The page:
Without doubt one of the biggest workplace issues of today is employee engagement. I regularly get invited to speak on the topic and there seems to be an endless amount of research reminding us about how poor organisations are at engaging their people.
Report after report tells us that fewer than a third of employees are actively engaged at work. This, they seem to claim, is the fault of employers or managers who just don’t care about the people stuff. If they only offered better benefits, or free lunches, a pool table, or allowed dress down days, employees would re-engage and give their best efforts – then all would be well with the world of employment.
I’m not saying that employers and managers don’t make a difference to employee engagement levels, they definitely do. The mistake many managers make , however , is to believe that engagement is something you can do to other people via some sort of top down initiative.
The theory goes that if you act a certain way your employees will in return give you their discretionary effort. The problem is that employee engagement doesn’t happen at a global level it happens at the level of the individual employee.
It’s certainly true that customers won’t love your company unless your people love working for you, but the truth is you can’t make someone love their employer. You can make a conscious effort to be more attractive to them and earn their ‘love’; and conversely there are a myriad of ways to drive someone away – but only the individual employee can decide whether they fall in love with their employer or not. Engagement, just like motivation, is an internal energy particular to the person in question.
Even the most dysfunctional organisations have a mix of people. In any sector you have a mix of people who are actively engaged, positive and totally committed to helping their organisation meet it’s objectives. Most of the people in organisations are doing what they’re supposed to do, and giving satisfactory performance. Of course you also have the people who are negative, disruptive or outright destructive. What one of my clients calls the internal terrorists!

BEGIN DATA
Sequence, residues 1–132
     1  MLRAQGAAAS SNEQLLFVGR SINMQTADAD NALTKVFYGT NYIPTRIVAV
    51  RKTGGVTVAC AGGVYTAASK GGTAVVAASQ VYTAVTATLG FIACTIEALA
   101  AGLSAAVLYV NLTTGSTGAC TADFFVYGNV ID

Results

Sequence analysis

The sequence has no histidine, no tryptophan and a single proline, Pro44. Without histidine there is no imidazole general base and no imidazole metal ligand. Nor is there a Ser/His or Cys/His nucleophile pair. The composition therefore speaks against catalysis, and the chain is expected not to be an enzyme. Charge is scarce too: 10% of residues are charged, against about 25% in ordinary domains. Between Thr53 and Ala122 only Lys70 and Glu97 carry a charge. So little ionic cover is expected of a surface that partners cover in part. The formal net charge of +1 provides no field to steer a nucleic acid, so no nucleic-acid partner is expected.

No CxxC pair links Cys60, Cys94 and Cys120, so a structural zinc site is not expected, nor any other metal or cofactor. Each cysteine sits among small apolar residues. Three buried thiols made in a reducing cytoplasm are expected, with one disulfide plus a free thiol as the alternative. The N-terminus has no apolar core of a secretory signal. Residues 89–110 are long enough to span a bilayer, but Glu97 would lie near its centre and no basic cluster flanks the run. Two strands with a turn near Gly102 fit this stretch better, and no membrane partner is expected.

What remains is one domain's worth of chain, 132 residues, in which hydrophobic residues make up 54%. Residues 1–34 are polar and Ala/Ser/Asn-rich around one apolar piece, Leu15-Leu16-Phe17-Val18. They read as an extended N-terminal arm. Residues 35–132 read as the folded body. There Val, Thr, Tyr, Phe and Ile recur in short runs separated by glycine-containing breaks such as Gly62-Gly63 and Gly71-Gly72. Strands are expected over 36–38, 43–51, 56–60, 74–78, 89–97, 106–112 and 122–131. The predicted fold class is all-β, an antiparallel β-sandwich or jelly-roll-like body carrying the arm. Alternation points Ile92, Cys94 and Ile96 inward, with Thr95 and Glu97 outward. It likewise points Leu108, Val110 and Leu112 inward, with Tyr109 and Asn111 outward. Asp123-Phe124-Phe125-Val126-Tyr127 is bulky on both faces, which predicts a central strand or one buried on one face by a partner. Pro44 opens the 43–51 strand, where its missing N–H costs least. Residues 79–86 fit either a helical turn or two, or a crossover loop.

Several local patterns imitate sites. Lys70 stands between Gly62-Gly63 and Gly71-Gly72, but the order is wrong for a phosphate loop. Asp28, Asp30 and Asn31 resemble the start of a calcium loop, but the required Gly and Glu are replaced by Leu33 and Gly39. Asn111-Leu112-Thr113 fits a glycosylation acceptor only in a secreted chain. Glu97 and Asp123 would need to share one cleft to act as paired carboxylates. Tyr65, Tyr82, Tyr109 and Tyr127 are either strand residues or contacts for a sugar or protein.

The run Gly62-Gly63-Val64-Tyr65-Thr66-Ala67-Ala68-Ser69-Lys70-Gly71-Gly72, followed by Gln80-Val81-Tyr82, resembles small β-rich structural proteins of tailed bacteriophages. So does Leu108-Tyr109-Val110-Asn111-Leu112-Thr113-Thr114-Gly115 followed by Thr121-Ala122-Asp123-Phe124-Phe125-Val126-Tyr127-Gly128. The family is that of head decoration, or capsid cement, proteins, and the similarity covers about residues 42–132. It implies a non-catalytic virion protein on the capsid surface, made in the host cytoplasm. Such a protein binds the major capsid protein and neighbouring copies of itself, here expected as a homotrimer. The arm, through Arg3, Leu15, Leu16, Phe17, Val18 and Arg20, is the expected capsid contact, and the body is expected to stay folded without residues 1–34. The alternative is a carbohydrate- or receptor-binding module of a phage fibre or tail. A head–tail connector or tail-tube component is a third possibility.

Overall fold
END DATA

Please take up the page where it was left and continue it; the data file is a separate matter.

My experience is that people who are actively engaged choose to be engaged. The ones who aren’t might blame external factors like the employer, the economy, their home life or the results of the latest government election, but at the end of the day it’s a pretty consistent percentage of the organisations population that falls into each camp.
That’s why employee engagement surveys should ask ‘engaging’ questions. Rather than “were you engaged at work today?” which implies that there are multiple external factors at work, start with something like. “Did I do my best to be engaged?” or “Did I do my best to reach good results for my customers?” Those questions create an entirely different mind set.
If some of the questions are followed up with, “how can we help?” or “how did we get in the way?” – management can uncover ways to help people engage. You can’t force engagement on people, but you can help them engage.
I’m certainly not saying that some companies don’t do an awful lot to create conditions under which people actively disengage. Working conditions, pay, benefits, manager-employee relationships and even dress down days all can help or hinder your efforts to engage people. At the end of the day, however, it’s up to each employee.
Our workplaces might be absolutely crazy and even stress inducing but it is up to the individual how they responds, whether there are dress down days or not.
Credit To And Original Source: David Tovey – http://davidtovey.com/employee-engagement-its-up-to-you/